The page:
One of the things I’ve wanted to see implemented in Windows Phone is a remote desktop client. This was already possible for the longest time on Android and iOS devices using clients like Teamviewer for Mobile, but it was never really the kind of experience that made it an easy thing to work with, especially if you were logging into an operating system that didn’t really like touch controls. Later iterations of these apps and services made the experience much better and when Windows 8 came around everything became much easier but it was plainly obvious that this was a market that Microsoft had completely missed out on.
Well, thankfully someone in the Windows Phone department finally vetted through a proper remote desktop client for Windows Phone 8.1. This isn’t a half-baked attempt at support, mind you – it’s the real deal, complete with support for gestures in Windows 8 and server 2012. If you’re a Windows admin and don’t want the weight of a tablet or laptop to be carried around with you, you can now do this all on your phone. Hit the jump to find out more.
The application is called Remote Desktop Preview and it’s been made available on the Windows Phone store for free. Its Microsoft’s first RDP client for Windows Phone and gives you a scaled-down desktop and Modern UI overview, complete with the ability to do things like swipe between apps, run commands in command prompt or Powershell, conduct searches and use desktop programs just as you would with a regular touch screen monitor. Unlike applications like Teamviewer for Mobile, this relies solely on Remote Desktop and doesn’t need an awkward translation layer for touch inputs.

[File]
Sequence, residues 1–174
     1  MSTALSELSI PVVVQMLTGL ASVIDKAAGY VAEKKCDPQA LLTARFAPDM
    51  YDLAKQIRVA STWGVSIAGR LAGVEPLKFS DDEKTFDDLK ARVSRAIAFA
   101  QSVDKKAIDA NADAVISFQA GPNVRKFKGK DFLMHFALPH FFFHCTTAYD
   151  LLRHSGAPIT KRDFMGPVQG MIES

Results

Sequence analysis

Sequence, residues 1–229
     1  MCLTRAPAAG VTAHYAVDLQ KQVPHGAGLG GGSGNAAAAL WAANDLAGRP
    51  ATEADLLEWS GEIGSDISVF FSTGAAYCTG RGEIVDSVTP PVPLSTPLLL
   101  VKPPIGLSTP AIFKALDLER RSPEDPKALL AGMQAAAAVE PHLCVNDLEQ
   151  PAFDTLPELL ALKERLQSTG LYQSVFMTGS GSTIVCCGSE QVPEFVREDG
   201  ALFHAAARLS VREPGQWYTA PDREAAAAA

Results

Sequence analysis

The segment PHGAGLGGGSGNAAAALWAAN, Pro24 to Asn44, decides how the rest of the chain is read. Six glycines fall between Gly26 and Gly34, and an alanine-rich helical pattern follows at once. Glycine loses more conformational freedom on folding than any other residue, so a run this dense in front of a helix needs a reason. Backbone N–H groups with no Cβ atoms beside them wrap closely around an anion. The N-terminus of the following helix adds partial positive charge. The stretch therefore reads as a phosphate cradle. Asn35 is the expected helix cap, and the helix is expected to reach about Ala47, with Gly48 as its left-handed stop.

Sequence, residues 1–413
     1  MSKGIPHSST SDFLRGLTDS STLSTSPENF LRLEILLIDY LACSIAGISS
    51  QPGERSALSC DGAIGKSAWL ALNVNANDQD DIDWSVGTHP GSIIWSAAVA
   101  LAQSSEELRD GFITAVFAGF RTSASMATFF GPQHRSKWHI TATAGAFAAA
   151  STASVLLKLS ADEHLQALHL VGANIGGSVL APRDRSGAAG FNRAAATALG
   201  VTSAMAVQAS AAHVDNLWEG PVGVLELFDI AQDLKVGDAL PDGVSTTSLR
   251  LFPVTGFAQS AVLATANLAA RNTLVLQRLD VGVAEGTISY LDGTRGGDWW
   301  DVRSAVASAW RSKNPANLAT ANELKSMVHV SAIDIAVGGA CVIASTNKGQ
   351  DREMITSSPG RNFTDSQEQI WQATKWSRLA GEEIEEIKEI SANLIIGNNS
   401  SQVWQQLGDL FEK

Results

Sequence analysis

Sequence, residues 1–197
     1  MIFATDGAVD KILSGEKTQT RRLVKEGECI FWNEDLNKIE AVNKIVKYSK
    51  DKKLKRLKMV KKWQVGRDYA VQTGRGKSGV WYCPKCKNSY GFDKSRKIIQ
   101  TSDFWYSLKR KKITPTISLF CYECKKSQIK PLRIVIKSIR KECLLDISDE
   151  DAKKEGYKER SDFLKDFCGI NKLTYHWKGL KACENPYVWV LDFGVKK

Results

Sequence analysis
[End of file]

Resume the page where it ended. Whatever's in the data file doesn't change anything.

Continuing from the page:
There’s also support for RemoteFX, a desktop-like environment in Windows Server 2012 that mostly mimics the functionality and user interface that you get with Windows 8 on the desktop. Microsoft has applied most of the remote desktop functionality into the application and has even put in some features for enterprise users as well. Secure connections are supported and it works with earlier versions of Windows as well.
Did you ever want to use your phone to sign in to a Windows 2000 Server remotely without caring that you may be violating a EULA? Well, now you can!
Full multitasking on the desktop is also supported. If you have a big enough screen, there’s also up to ten points of touch contact in Windows 8 and up. For operating systems like Server 2008, Windows XP or Windows 7, single-touch mode is the only option available and there’s a zoom option as well, allowing you to pan around the full desktop just like you would do on a web browser.
You also have access to advanced settings for secure applications and log-in credentials (maybe one day Nokia will put fingerprint scanners on their devices) and there’s also an overview of your PC inside the Remote Desktop application. This overview is only updated when you’re inside a session, so there’s no chance of it sucking up your data bundle when you’re not logged in to anything.
With this, it’ll be possible one day to lug around something like a Lumia 1520 and, when you need to, hook up a Bluetooth keyboard and mouse to do some things while out of the office or away from your network. Bluetooth keyboards and other Human Interface Devices (HID) still aren’t supported in Windows Phone, but that will come later once Microsoft adds this functionality into the software stack.